When I first came to Beacon, New York two years ago, it was this building that lived with me. It was this building that asked me to come back.
Proudly, it dominates the end of Main Street. The former Mechanics Savings Bank is typical of the grandiose, Neoclassical architecture you see in banks across the USA built before the 1930s (as a side note, this reminds me I must soon go back to Columbus, Indiana: a city that helped rewrite the twentieth century banking architecture of America).
Its entrance archway is over three storeys high: taller than any building near it. The architecture tells you that this building is here to stay. That your money is safe with the Mechanics Savings Bank. It will be here forever.
But architecture is rooted in its time—look at the medallions at the top to either side. A muscular worker’s arm is wielding a hammer. It screams of the early decades of the twentieth century. We’ve since become so accustomed to seeing this kind of symbol on Soviet buildings that we regard it almost as a cliche of socialist architecture. And yet here it is, on a bank in the United States. It may seem odd to us, but this kind of decoration was commonplace in the USA. Think of Diego Rivera’s Detroit Industry Murals (1932-33). You can even see reflections of this style in the statue of Atlas in front of Manhattan’s Rockefeller Center.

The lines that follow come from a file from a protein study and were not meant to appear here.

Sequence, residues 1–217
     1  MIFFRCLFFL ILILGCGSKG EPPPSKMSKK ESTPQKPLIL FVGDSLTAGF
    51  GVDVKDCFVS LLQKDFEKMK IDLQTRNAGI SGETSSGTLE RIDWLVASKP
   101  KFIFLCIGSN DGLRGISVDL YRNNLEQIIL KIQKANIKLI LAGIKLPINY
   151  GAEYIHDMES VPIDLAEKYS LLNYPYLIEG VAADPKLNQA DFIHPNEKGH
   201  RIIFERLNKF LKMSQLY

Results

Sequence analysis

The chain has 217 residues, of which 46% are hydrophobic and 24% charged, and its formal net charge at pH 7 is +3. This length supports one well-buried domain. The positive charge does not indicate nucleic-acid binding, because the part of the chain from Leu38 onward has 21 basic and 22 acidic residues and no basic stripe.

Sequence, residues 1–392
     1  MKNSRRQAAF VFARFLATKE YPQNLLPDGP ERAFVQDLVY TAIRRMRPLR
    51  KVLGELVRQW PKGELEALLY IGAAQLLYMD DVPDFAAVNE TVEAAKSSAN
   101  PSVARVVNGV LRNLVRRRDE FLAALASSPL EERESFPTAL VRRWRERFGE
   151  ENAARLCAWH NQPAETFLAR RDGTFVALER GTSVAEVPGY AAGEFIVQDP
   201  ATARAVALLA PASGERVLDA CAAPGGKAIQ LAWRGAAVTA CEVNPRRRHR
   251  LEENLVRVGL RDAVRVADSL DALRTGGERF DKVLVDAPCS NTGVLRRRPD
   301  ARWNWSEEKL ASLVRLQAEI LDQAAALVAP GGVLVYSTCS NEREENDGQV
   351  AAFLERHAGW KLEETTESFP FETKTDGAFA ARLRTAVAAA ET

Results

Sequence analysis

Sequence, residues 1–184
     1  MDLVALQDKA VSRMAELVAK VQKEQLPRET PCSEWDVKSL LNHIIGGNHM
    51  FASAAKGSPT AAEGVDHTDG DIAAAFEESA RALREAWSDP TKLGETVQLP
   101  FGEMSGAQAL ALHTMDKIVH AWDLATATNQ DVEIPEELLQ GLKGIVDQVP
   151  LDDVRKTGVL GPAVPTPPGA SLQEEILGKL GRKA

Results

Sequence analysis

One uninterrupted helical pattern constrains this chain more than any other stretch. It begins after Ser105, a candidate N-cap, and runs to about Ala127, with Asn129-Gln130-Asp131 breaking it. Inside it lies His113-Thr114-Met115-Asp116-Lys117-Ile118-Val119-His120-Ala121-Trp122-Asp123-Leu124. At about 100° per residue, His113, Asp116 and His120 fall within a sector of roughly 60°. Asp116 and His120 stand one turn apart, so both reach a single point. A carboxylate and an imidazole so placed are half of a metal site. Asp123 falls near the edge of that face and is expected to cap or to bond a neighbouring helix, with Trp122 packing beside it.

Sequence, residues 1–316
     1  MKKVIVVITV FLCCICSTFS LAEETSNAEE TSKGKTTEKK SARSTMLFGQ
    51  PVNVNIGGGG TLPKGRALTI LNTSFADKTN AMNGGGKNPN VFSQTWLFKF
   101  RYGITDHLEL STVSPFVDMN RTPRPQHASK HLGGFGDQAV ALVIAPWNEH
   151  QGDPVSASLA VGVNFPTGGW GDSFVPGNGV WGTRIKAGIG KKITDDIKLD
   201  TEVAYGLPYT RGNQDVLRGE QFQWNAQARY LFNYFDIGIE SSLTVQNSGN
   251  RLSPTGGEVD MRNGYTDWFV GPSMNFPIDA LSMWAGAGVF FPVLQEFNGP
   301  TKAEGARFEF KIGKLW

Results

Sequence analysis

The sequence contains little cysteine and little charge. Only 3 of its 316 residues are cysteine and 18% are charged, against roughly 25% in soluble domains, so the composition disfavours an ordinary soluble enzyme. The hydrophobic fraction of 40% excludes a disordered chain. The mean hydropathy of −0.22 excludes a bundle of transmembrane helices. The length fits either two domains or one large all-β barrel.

The Mechanics Savings Bank wanted its customers to believe it would be there forever. But it wasn’t. Construction on the bank started in 1928 or 1929, shortly before the Stock Market Crash. Just a few years later, the bank ceased to exist: in 1935 it merged with the Matteawan Savings Bank, forming the Beacon Savings Bank.
Some time around 1960, the building was bought by the Star of Bethlehem Baptist Church and has since then been used as their place of worship. What was once a bank has found new life as a house of god.
Mechanics Savings Bank
Address: 139 Main Street, Beacon, New York